I’ve pretty much been unhealthy since I was 12. That was the first time I got mono, and I haven’t been right since. Between my health and my anxiety/depression, I was homeschooled the last few years of middle school and throughout high school on and off. This was the beginning of my isolation from the “normal” world. I struggled with my health and my depression, battling it alone (aside from my mom who is my best friend). I got mono twice more: as a teen, and when I was 20. I took 2 years off before starting college. I knew I wasn’t ready, mentally or physically. I started college in 2010 to get my bachelor’s degree in psychology. Going to school is what made me realize something was wrong, more than what I had been dealing with before. The stairs were hard to climb… I couldn’t go up a single flight of stairs without feeling like I was going to pass out. There’s an elevator that’s intended for use by disabled individuals, and because I didn’t consider myself “disabled” at that point, I suffered using the stairs. I would arrive to class sweaty and out of breath. I started realizing my heart was racing, even just sitting down. I would go to the urgent care for a cold or whatever ailment, and they would say “your pulse is high, are you nervous?” and I didn’t think anything of it. This happened often and still does sometimes. A lot of the time, people would blame my symptoms on anxiety. Yes, I do have anxiety, but this was different. This was my body, something was out of whack. In my college biology class, we did a simple lab in groups of 4. We had to take each other’s pulse and blood pressure. Once everyone submitted their data, our professor compiled a graph. Every single heart rate was in the normal range, except for 1…. mine. I was the outlier. My heart rate was 117 sitting down. I just have to throw this in here because I’m so proud of myself. I finished my last semester of school from home (which sucked) and graduated summa cum laude. It was the best thing that had happened to me in a long time. I needed that high GPA to help me get in to grad school, which may or may not happen now but we’ll see. Back to my body realizing that it hated me haha. Another red flag, my body trying to tell me something wasn’t right. And then I decided to give blood. I don’t know what possessed me to think that was a good idea, feeling the way I did. I didn’t weigh enough to give blood and hadn’t eaten anything that morning because of my nausea and stomach issues, but lied about my weight and said that I ate breakfast so they would let me donate. I would come too realize this was a horrible decision. I felt incredibly ill while I was giving blood, sweaty and nauseous, heart racing. Afterwards, I felt faint and could barely walk on my own. My brother had to come pick me up. The sequence of events with my health getting worse is not clear, it seemed like everything happened gradually and then hit me all at once. I also noticed over the course of time that my feet turned purplish blue when I sat down or stood still for too long. They were also ice cold, along with my hands. It wasn’t until I mentioned my symptoms to my counselor, I think I was 24 at the time, and she said “I have a few clients with this exact problem. They have POTS.” Of course I had no idea what it was, so I went home and googled (yep, good old Dr. Google). POTS stands for postural orthostatic tachycardia syndrome, a type of dysautonomia (autonomic nervous system dysfunction). I read through multiple sites and couldn’t believe it. Everything fit. The heart rate issues, the sweating, the trouble with going up stairs, problems with my stomach, the blue feet, and a few other things I’m sure you’d rather not know about. So I googled some more and found a cardiologist/electrophysiologist who was supposed to be one of the good ones for treating autonomic dysfunction. I made an appointment. When I went there and sat in the waiting area, I noticed that I was the only young person. I started to think hmm maybe I don’t belong here, maybe it’s not that serious and I should just suck it up and deal.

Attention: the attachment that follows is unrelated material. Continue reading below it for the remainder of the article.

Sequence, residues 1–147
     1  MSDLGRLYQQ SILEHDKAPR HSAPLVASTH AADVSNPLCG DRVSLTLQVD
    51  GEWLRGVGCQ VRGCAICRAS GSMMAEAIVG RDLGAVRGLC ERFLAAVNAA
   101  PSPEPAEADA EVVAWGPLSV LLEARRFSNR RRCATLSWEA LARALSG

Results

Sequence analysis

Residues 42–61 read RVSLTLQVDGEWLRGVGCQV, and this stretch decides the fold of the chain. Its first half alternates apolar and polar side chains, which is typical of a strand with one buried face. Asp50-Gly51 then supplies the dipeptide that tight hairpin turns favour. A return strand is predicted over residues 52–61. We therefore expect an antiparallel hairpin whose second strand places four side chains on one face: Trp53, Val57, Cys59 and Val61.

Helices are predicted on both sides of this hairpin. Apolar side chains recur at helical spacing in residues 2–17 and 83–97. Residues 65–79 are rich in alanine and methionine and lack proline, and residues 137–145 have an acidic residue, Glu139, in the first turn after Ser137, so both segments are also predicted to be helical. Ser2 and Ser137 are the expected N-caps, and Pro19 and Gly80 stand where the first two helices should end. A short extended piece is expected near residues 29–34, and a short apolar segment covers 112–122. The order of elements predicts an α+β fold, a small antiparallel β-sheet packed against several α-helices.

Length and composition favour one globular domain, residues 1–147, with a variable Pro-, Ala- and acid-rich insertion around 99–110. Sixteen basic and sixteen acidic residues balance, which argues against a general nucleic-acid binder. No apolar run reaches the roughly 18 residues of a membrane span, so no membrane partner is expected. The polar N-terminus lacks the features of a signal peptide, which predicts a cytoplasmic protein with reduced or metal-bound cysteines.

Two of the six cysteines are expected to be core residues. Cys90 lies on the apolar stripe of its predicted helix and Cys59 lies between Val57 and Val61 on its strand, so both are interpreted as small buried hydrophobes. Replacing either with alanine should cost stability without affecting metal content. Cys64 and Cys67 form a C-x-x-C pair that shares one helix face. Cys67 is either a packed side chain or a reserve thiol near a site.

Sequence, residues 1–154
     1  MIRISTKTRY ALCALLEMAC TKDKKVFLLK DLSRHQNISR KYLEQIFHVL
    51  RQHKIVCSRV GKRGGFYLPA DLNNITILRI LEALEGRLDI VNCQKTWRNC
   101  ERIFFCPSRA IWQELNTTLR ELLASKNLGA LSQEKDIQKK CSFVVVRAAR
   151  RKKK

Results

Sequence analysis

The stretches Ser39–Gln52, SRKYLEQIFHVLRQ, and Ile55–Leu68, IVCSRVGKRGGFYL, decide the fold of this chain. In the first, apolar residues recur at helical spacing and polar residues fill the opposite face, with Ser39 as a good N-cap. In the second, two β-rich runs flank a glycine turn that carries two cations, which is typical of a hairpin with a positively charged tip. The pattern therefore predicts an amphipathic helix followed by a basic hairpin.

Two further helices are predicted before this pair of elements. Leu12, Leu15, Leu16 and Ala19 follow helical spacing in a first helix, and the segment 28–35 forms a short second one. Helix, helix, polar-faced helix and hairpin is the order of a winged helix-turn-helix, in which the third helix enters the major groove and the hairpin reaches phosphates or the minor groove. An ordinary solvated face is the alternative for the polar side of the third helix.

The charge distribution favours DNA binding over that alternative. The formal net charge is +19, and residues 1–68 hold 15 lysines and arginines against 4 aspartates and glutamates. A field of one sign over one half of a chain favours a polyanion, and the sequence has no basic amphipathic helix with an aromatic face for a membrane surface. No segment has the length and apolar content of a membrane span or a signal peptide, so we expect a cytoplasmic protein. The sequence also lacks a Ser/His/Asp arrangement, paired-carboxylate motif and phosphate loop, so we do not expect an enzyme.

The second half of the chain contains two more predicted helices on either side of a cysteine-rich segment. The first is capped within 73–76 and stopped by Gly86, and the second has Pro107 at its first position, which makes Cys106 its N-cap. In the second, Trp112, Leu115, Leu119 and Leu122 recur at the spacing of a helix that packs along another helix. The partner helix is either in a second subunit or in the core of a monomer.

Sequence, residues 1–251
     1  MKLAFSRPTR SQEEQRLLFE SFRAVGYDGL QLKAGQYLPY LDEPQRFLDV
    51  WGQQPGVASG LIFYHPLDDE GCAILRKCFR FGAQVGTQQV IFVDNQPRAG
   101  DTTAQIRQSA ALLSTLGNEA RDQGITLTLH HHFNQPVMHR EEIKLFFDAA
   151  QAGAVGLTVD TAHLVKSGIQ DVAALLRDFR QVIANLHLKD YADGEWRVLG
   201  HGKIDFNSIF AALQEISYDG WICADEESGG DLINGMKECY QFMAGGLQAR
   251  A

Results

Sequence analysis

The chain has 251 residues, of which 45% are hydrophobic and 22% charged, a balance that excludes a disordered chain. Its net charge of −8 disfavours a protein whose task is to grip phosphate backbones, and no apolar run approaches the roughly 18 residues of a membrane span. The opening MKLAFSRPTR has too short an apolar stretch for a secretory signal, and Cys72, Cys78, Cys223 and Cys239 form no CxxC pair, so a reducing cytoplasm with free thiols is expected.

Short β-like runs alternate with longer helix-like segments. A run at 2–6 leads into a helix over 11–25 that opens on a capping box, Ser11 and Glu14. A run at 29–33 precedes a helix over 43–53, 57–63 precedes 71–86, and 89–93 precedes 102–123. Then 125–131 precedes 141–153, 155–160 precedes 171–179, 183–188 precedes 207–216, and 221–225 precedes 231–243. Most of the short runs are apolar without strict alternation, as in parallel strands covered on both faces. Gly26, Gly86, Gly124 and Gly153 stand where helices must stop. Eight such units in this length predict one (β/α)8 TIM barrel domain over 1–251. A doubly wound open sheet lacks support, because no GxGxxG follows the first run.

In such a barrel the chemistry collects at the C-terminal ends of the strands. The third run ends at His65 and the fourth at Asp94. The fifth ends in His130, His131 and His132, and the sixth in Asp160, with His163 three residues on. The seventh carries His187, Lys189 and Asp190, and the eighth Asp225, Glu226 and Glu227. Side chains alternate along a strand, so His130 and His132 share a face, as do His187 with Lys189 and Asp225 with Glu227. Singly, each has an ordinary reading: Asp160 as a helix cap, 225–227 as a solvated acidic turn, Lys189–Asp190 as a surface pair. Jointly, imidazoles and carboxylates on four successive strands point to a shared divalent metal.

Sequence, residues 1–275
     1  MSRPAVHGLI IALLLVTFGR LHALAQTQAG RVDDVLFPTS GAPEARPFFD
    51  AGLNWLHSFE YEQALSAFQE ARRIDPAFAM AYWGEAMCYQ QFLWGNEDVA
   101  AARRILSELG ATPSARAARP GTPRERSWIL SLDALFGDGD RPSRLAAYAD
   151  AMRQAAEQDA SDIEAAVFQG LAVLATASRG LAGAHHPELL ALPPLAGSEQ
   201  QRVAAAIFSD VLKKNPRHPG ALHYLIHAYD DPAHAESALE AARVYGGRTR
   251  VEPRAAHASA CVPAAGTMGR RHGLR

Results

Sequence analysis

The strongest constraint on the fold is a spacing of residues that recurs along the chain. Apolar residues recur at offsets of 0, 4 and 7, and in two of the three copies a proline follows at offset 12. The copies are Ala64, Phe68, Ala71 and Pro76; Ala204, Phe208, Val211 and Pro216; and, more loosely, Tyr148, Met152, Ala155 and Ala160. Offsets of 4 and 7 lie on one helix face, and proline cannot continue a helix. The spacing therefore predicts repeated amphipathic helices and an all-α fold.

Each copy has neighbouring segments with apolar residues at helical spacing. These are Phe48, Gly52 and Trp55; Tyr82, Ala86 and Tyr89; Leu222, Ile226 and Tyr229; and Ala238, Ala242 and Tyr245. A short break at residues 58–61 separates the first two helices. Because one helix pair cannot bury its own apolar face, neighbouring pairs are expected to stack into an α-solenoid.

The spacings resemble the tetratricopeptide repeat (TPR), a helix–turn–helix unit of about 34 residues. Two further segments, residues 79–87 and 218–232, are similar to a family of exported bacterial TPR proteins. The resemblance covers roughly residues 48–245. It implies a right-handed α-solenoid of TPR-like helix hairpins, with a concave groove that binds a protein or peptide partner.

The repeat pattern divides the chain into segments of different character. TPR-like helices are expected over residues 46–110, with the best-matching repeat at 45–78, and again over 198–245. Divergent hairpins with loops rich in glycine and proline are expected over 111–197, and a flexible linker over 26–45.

During intake, the nurse asked me why I sought out Dr. J, we’ll call him. I told her that I thought I have POTS. And her response was, “Oh God you’ve been googling.” I found this to be offensive. If it weren’t for my counselor mentioning it and my googling, I never would have figured out what was wrong with me and I would probably STILL be wondering and sick with no answers. Autonomic testing was scheduled. The first being a tilt table test, and let me tell you, this was the worst test I have ever had to endure. They gradually tilt you up to a 70 degree angle, while you’re hooked up to a blood pressure monitor, pulse ox, and EKG. In normal people, this has no effect on them. In people with autonomic dysfunction, things get a little crazy. While tilted, I immediately started feeling nauseous, sweaty, lightheaded, etc. At 19 minutes into the test, my heart rate went to 170 and my blood pressure dropped to roughly 82/48. I started to black out, so they put me down before I would have a chance to pass out. This was a definitive that I had autonomic dysfunction. I went through all the heart testing and my heart is just fine. The tachycardia (fast heart rate) comes from the autonomic nervous system “misbehaving.” I also had hemodynamic testing, to measure blood pooling (if any) and low blood volume. We found that I have severe venous pooling (hence the colorful feet). This means that the vessels in my legs aren’t pumping the blood back up through my body when I stand. It just stays there, which is what causes the lightheadedness and tachycardia upon standing. Secondly, I have moderately low blood volume (red blood cell volume and plasma volume), about 19% low, which also causes tachycardia. Thank God for figuring out what the heck was wrong with me, but what did it mean? There is no “cure” for POTS, and no single medication or treatment that works. It’s all trial and error, and we’re still trying to get things regulated. A good percentage of people with POTS become disabled and unable to work. At this point in time, that’s me, but I’m hoping for a change in the near future. All Dr. J told me was that I needed to eat 5 to 7 grams of salt (it’s a lot) and drink 2 liters of Gatorade a day (to help increase my blood volume), and exercise. I thought, how the hell does he expect me to eat that much salt and drink that much Gatorade when I’m struggling to eat as it was. And exercise?! It seemed impossible. So I got depressed. He wouldn’t prescribe any medication, he wanted me to try the lifestyle changes first, which I tried and couldn’t manage, but he wouldn’t listen. He also told me I needed to be treated locally, instead of by him. The only helpful thing he did suggest was IV infusions to boost my blood volume, but that I would have to get them prescribed through my primary care physician (PCP), which I didn’t have at the time. When I found a new one, she was awesome and I knew from the beginning she would be one of the best doctors I will ever encounter. Since Dr. J had already said infusions would be okay, Dr. S had no problem prescribing them. Yay! My first infusion, I couldn’t believe how much better I felt. I went twice a week to the infusion center at the hospital, and each infusion took 4 hours. After 4 and 1/2 months of enduring 8+ hours a week at the infusion center, and running out of usable veins, Dr. S gave the okay to have a port put in. I was so thankful. The procedure went horribly, but I’ll post about that separately. So I have my port now and I love it; it’s so much easier than peripheral IVs. I was also now able to get my infusions at home!!!!! They taught me to de-access my port, and I’m hoping they’ll teach me to access it soon. Yessss!


My stomach started getting bad I would say before last Thanksgiving, but then got increasingly worse. I’m now to the point where I can’t eat but a few bites without wanting to throw up. I have no appetite. They’re thinking I have gastroparesis, which means slow gastric emptying. It causes a feeling of fullness quickly, can cause a big bloated belly, nausea, pain, and vomiting. I’ve lost 30 pounds and still losing. I’m 5’5″ and at 99lbs. My heart races even more than it did, from lack of nutrition and from being dehydrated despite the infusions (POTSies need 2-3+ liters to drink daily which I can’t manage). I’m getting weaker. My cognitive functioning is worsening. I’m depressed, I’m sick, and I’m tired of it. I did have a recent Cleveland Clinic hospital admission to give a NJ feeding tube a try, but that whole situation was a mess, which I’ll post about separately. On 5/10/16, I’ll see a nutrition doctor who is on a team of doctors with my gastroenterologist, to evaluate my nutritional needs and whether or not we’re going to put in a tube. Honestly, I want the tube. I just want to feel better, and I’ll do whatever it takes.

My YouTube Channel

❤ Gina